TS: Tim Hortons all the way. Krispy Kreme donuts are really really good but there is just something about Tim Hortons. Literally when I visit home I go could go every morning to get coffee.
BBC M: You kinda give us a Devin Dawson vibe, is there any new country artists right now that you would want to do a duet with?
TS: I honestly think Lauren Alaina is incredible. I love her. I guess it would be a female duet! I feel like she would challenge me vocally.
BBC M: What is one misconception that people have about female artists?
TS: Sometimes people think that our concerts won’t be as fun and that they think we have a lot of slow songs. Which is not true. Some of my absolute favorite country concerts that I have been to have been female artists. They just seem to think that it won’t be a fun drinking concert and I like to convince them that YES it will be. Those girls are rockin out on stage just as much as any other band.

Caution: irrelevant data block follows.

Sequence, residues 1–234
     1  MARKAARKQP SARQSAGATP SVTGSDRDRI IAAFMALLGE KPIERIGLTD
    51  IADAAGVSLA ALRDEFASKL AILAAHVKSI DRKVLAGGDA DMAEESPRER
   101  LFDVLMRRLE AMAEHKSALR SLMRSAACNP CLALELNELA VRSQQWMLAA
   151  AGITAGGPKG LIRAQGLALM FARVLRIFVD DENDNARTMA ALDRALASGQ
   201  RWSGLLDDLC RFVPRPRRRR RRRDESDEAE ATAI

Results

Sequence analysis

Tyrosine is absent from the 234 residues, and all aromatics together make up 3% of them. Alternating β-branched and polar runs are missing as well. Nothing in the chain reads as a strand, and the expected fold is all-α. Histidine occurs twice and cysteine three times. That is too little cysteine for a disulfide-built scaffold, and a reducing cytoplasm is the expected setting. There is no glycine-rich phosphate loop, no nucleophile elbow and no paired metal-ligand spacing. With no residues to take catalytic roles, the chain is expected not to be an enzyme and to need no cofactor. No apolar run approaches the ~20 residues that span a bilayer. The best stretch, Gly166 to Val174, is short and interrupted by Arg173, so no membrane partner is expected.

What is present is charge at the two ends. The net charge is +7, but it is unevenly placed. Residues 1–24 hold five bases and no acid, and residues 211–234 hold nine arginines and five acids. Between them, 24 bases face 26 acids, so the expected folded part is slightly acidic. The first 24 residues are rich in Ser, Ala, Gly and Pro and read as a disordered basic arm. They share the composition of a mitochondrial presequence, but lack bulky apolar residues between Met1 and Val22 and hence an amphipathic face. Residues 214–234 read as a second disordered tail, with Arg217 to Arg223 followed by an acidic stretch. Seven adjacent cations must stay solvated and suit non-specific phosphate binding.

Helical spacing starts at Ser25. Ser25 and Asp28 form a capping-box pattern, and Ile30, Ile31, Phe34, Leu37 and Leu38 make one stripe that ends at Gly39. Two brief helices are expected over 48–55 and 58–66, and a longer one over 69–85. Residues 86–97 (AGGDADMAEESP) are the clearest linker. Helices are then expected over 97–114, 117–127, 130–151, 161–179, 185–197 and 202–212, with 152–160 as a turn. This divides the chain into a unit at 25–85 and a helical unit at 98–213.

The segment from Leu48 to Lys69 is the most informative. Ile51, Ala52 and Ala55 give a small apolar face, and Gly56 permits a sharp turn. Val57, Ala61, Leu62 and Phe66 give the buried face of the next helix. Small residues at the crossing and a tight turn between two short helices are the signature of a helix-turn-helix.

BBC M: What was one of your favorite concerts that you mentioned?
TS: Carrie Underwood’s concert was incredible. How can she sing like that… for that long and then with all of those different costume changes. Literally, if I could model my dream tour it would be after hers.
BBC S: When was the first time you realized that you were pretty darn good at singing?
TS: Really the first time it became more than just a hobby was when I was 8 years old. My neighbor heard me singing outside in the backyard and she went and told my mom that I was really good. So then I went and had voice lessons and that’s when I really started to take it seriously. I knew I could progress and get that much better.
BBC S: Is that when you started songwriting?
TS: I started songwriting around 13-14 years old. I learned how to play the guitar so I could start songwriting. That was around the same time that Taylor Swift came out so I started around then.
BBC M: So what is your favorite Taylor Swift song?
TS: Mine is an album cut called “Last Kiss” which it is one of the most heartbreaking songs ever.